GARLIC GOODNESS

Entering a restaurant or a home in which garlic is a main cooking ingredient can get your mouth watering and taste buds tingling. Garlic is not only flavorful – it’s pungent! If you’re shy about loving garlic – we’re here to give you a few reasons to embrace the “stinking rose.”


BENEFITS OF GARLIC

Garlic is a pungent member of the lily or allium family, which also includes onions, leeks and chives. Garlic may not always bring good luck, protect against evil, or ward off vampires although it can transform a meal with its singular aroma and flavor.


GARLIC IS RICH IN:

  • thiosulfinates (includes allicin)
  • sulfoxides (includes alliin)
  • dithiins (includes ajoene)

You don’t need to remember any of those names, unless you are a Jeopardy contestant, although you should remember this… garlic is good for you. 
CARDIOVASCULAR HEALTH
  • Garlic (powder or raw) lowers cholesterol by a moderate amount (up to 15%).
  • Garlic has shown some restorative properties for vascular health, meaning it repairs clogged and damaged blood vessels which are risk factors for atherosclerosis and heart attacks.
  • Garlic’s sulfur-containing compounds helps prevent clots from forming inside of our blood vessels.
  • Garlic has been shown to lower blood pressure.


ANTI-INFLAMMATORY
  • Garlic’s anti-inflammatory properties go to work on our musculoskeletal system and respiratory system. This is good news for arthritis sufferers.
  • Preliminary studies show that garlic can hinder fat cells during their development (into adipocytes) which is good news for those fighting obesity.


ANTI-BACTERIAL AND ANTI-VIRAL
  • For centuries, garlic has been used as a cure for a variety of bacterial and viral infections including infections due to yeast, fungi and worms.
  • Crushed fresh garlic is used to help prevent infection by the bacterium pseudomonas aeruginosa suffered by burn patients.
  • Garlic has been an effective treatment for stomach ulcers.


CANCER FIGHTING
  • High garlic intake (once per day) has been found to lower risk of virtually all cancer types except cancer of the prostate and breast cancer.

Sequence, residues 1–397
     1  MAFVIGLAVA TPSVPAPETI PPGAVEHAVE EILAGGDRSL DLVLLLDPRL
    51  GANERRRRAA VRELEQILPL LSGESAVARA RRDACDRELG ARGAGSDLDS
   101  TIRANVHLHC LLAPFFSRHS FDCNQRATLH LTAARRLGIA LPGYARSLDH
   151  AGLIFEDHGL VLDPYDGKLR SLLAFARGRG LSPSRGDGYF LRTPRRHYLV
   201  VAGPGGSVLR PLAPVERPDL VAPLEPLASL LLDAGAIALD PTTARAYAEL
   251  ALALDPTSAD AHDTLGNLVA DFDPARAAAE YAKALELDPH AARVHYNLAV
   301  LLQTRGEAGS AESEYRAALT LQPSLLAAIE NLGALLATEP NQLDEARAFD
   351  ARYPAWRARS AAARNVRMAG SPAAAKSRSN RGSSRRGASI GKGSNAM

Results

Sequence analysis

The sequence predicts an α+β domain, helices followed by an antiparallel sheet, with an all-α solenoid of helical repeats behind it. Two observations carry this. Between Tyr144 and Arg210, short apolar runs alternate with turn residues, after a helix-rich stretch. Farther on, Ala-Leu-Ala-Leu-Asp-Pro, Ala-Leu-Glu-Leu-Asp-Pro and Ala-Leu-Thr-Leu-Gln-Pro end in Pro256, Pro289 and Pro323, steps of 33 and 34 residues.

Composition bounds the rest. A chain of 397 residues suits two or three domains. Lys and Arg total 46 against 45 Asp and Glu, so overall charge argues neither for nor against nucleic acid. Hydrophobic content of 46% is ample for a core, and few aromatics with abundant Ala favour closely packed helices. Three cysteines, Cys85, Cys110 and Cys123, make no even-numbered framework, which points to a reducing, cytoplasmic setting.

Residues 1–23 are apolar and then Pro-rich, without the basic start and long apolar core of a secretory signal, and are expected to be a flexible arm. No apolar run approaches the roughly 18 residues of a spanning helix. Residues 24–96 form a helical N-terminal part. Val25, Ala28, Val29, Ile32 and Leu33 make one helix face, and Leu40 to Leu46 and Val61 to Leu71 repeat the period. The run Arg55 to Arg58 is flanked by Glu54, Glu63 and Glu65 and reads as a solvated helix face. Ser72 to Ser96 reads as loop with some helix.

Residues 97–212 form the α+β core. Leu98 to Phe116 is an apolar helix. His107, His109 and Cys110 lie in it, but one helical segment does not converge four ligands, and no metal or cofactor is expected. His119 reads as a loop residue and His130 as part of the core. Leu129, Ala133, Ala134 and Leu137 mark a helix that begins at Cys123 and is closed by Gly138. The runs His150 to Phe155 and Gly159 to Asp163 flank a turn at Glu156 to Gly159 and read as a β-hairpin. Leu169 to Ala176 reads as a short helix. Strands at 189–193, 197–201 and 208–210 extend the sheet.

• Moderate garlic intake (several times per week) has lowered the risk of colorectal and renal cancer.
Garlic is rich in manganese, calcium, phosphorus, selenium and vitamins B6 and C, so it’s good for bones as well as thyroid. Last but not least, garlic improves the way that our bodies metabolize iron.


GARLIC IN THE KITCHEN


Garlic flakes, powder or paste can be used in a pinch, although fresh garlic is preferred by chefs (and taste buds). Store fresh garlic in either an uncovered or
a loosely covered container in a cool, dark place away from exposure to heat
and sunlight.

Raw chopped or minced garlic is found in many recipes. If cooking with garlic,
add the chopped garlic late in the recipe to preserve its flavor and nutrients.

Black garlic
is not a different type of garlic but is regular garlic that has been fermented at 140o to 170o F for 30 days and then left to oxidize for an additional
45 days.

The result is a garlic clove that looks black, is soft and chewy. The flavor has
been described as similar to balsamic vinegar and soy sauce with a sweet “prune-like” taste.

Black garlic retains the health benefits of raw garlic, and in some case may
increase the benefits. Research is pending on black garlic vs. raw garlic. Black
garlic can be purchased online and in many grocery stores. Whether raw or cooked, black or white, garlic is a heart healthy food you can enjoy any day of the week. 



© 2016 UNITED STATES AIR FORCE, ALL RIGHTS RESERVED

Privacy Notice and Consent